Transat Jacques Vabre: a long time in the making... Armel Le Cléac’h and Sébastien Josse win ULTIM race
Sailing Maxi Banque Populaire XI crossed the finish line of the 16th edition
Sailing Maxi Banque Populaire XI crossed the finish line of the 16th edition
The biennial, double handed classic ‘Coffee Route’ Race - which this year celebrates its 30th anniversary - started from Le Havre, France on Sunday 29th October and took the five strong ULTIM class on a 7,500 miles course south to round Ascension Island before turning back northwards to skirt the South American coast and finish in Martinique.
The elapsed time for the Banque Populaire XI duo is 14d 10h 14m 50s. They sailed the theoretical course at an average speed of 21.66 knots. They actually sailed 9263 nautical miles on the water at an average speed of 26.75 knots.
Whilst SVR Lazartigue (François Gabart and Tom Laperche) lead out of the Channel and on to the Bay of Biscay, Banque Populaire XI made their winning move at Madeira, has led since just after Ascension Island and was never overtaken since emerging the most southerly mark of the course.
When Le Cléac’h and Josse finished, their nearest rivals, second placed SVR Lazartigue were just over 160 nautical miles behind.
On his seventh challenge it is the first time the 2016-17 Vendée Globe winner Le Cléach has triumphed on the Coffee Route race whilst Josse won the 2013 Multihull race as skipper of the MOD 70 Edmond de Rothschild, sailing with Charles Caudrélier.
In front of a huge, noisy crowd which turned out to greet the first finishers as the race returns to Martinique for the second time, Le Cléach enthused at the victory pontoon, “This is a mythical course which it is great to finally win on. Victory is very much about the fruits of our work as a team, optimising and stabilising the boat, improving the performance of the boat which we have demonstrated on this course with very good speeds, with a great co-skipper in Sébastien. It was a super course.”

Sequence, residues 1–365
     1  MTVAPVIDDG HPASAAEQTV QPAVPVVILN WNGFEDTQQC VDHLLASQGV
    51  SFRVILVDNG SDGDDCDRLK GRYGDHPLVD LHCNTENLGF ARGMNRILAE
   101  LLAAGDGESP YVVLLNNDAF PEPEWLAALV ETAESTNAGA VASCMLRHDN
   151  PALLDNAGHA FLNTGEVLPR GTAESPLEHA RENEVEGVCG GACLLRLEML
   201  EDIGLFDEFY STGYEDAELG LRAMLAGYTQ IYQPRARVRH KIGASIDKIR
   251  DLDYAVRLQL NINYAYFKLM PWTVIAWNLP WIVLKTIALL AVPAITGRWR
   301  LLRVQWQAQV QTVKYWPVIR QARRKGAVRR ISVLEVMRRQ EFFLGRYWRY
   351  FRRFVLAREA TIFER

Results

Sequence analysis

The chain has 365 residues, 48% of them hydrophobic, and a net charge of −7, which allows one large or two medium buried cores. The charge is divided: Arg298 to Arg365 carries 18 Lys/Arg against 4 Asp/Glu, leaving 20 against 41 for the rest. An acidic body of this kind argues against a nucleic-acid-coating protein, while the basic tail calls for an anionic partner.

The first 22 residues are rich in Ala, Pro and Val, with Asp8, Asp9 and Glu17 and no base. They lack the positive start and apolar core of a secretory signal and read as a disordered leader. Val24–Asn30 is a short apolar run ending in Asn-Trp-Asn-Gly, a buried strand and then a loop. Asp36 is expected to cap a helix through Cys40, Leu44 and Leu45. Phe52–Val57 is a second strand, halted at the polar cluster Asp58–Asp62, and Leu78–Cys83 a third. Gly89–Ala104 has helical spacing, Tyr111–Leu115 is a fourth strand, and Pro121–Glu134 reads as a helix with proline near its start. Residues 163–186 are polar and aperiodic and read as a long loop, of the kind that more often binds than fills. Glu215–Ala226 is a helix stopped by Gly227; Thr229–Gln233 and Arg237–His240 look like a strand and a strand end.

Josse, who has been with the team for over a year now and helped Le Cléac;h prepare for last year’s Route du Rhum, confirmed, “There is the satisfaction of doing a job well, the two of us together and with this team, sailing with Armel is incredible, we were always working looking for speed and performance from the tough conditions coming out of the Channel across the Bay of Biscay, coming back at François after he led, and being able to always be pushing for speed, it is very satisfying and to learn more about the boat over mile after mile, to find good speeds and with good humour is very satisfying.”
Le Cléac’h highlighted, “All of the course was fast, we were sitting at 35 knots and more for a lot of today. This is a boat which is coming of age, which is getting to its stage of maturity, thanks to the work of this team. It is a long time since I started a race like that we had 30-35 and up to 40 knots off Cherbourg after the start but the boat was super good. We were always in the match.”
“ I took a lot of pleasure from these 14 days with Sébastien. We had a great mood, a great feeling aboard. Francois and Tom passed ahead of us at Ascension Island and we stepped it up, downwind we had a bit more, and then a bit more still.” Le Cléac’h added
Having finished on all three steps of the Vendée Globe podium, including his triumph in 2016-17, and also winning La Solitaire du Figaro three times, in 2003, 2010 and 2020, this is Le Cléac’h’s first win on the Transat Jacques Vabre ‘Coffee Route’ race, his first victory with the 2021 launched ULTIM Maxi Banque Populaire XI and, indeed – as he was quicky to point out - his first ocean racing victory on a multihull.
This sought after multihull win finally exorcises a few multihull ghosts for 46 year old Le Cléac’h who initially turned his back on multihull racing after a horrific capsize and helicopter rescue from their ORMA trimaran when he and Irish co-skipper Damian Foxall were capsized by a huge wave early in his first Transat Jacques Vabre race in 2005.